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3 posts tagged with crime by Harald74.
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Wanted: Gentleman bank robber

Crime Magazine features a rather matter-of-fact account of one of Leslie Ibsen Rogge's (wiki) bank robberies. The article is an excerpt from a new book by Dane Batty, Rogge's nephew, called Wanted: Gentleman bank robber: The True Story of Leslie Ibsen Rogge, One of the FBI’s Most Elusive Criminals. Rogge was once on the FBI's Ten Most Wanted Fugitives list, and is apparently the first from that list brought in due to the Internet. He is due to be released in 2047.
posted by Harald74 on May 5, 2011 - 9 comments

Norway's modern prisons

Norway's penal system has gathered some attention recently, as the new Halden prison just opened. The $217 million facility will house 252 prisoners, some long-term and some short. The new prison is notable for, among other things, use of armoured glass instead of bars on windows, natural lighting and single-inmate cells with private showers, TVs and access to a gym and a sound studio. There was also an art budget, and Norwegian street artist Dolk was commisioned to decorate some of the walls. The Norwegian penal system is similar to the other Scandinavian countries', with no death penalty, and a "life" sentence of 21 years. In Norway there are no privately run incarceration facilities, and the opening of the rather plush-seeming Halden prison spurred some discussion, but garnered no big controversy. [more inside]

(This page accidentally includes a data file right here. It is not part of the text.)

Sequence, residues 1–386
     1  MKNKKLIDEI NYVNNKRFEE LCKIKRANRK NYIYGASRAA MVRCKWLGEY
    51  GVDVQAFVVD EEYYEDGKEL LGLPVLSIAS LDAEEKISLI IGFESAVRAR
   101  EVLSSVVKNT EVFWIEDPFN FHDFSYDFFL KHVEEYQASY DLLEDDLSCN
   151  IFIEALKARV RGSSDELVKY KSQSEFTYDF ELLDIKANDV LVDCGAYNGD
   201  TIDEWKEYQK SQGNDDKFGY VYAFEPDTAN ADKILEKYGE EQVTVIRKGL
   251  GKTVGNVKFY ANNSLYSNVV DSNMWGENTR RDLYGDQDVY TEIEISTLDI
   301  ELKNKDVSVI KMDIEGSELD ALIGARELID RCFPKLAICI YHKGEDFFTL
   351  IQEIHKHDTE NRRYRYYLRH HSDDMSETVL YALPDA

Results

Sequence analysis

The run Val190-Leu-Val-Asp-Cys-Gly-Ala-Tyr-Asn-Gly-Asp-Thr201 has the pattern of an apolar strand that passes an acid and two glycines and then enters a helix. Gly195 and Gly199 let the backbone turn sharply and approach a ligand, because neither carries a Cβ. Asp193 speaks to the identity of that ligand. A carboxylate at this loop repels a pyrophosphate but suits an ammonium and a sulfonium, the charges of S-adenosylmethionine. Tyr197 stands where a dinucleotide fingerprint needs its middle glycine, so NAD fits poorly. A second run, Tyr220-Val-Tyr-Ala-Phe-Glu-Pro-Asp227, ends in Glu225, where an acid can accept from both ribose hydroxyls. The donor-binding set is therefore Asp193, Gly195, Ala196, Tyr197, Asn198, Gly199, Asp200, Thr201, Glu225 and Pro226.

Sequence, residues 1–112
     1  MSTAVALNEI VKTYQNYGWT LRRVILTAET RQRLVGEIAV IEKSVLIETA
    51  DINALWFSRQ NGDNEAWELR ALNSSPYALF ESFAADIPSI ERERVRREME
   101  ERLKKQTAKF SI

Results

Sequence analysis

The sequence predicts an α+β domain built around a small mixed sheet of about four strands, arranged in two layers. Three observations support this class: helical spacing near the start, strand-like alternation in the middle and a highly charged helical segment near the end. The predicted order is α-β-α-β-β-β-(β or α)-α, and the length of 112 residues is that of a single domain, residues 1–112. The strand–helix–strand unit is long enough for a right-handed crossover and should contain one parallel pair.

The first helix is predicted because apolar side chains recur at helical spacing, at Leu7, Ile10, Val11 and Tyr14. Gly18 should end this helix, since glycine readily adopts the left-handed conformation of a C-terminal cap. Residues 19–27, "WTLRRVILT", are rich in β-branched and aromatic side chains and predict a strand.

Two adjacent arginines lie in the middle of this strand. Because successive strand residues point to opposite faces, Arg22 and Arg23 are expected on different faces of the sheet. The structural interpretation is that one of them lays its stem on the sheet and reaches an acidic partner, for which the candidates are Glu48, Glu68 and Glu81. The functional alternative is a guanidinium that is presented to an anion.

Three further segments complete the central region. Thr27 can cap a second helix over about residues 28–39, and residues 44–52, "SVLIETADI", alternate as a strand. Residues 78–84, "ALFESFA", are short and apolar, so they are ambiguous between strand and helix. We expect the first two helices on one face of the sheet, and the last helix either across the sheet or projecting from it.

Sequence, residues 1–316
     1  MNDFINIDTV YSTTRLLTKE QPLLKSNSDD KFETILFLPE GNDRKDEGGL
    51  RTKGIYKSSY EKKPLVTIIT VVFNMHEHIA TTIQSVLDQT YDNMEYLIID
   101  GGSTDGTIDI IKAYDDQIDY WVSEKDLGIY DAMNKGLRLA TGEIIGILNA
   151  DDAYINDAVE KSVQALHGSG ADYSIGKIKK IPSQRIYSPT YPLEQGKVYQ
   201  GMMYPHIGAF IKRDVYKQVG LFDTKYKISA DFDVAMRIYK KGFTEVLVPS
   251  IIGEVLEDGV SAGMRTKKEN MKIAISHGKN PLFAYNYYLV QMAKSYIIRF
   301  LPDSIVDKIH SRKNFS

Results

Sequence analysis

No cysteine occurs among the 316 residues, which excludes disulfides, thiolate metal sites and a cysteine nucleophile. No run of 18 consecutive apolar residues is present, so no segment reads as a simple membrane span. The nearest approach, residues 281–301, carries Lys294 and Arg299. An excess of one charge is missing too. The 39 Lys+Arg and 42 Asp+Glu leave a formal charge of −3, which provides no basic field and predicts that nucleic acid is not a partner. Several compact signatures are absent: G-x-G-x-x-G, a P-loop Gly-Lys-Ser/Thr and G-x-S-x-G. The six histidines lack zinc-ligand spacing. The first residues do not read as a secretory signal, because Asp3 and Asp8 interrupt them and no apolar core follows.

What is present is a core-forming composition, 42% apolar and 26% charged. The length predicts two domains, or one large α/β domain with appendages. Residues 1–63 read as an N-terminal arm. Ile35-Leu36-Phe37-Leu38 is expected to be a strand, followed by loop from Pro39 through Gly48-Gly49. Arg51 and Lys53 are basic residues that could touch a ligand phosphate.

posted by Harald74 on May 27, 2010 - 111 comments

A new kind of civil disobedience?

Boston College sociology professor Lisa Dodson does research on poverty, public policy, and low-income work and family life. Recently her research took a different turn, as she discovered through interviews with U.S. managers in charge of low-income workers that some of them feel "(a) sense of unfairness (...) as a supervisor, making enough to live comfortably while overseeing workers who couldn’t feed their families on the money they earned. That inequality, he told her, tainted his job, making him feel complicit in an unfair system that paid hard workers too little to cover basic needs." Professor Dobson talks about this phenomenon, and how it plays out in that some managers undermine the system, in interviews in the Boston Globe and on public radio. [more inside]
posted by Harald74 on Mar 2, 2010 - 35 comments

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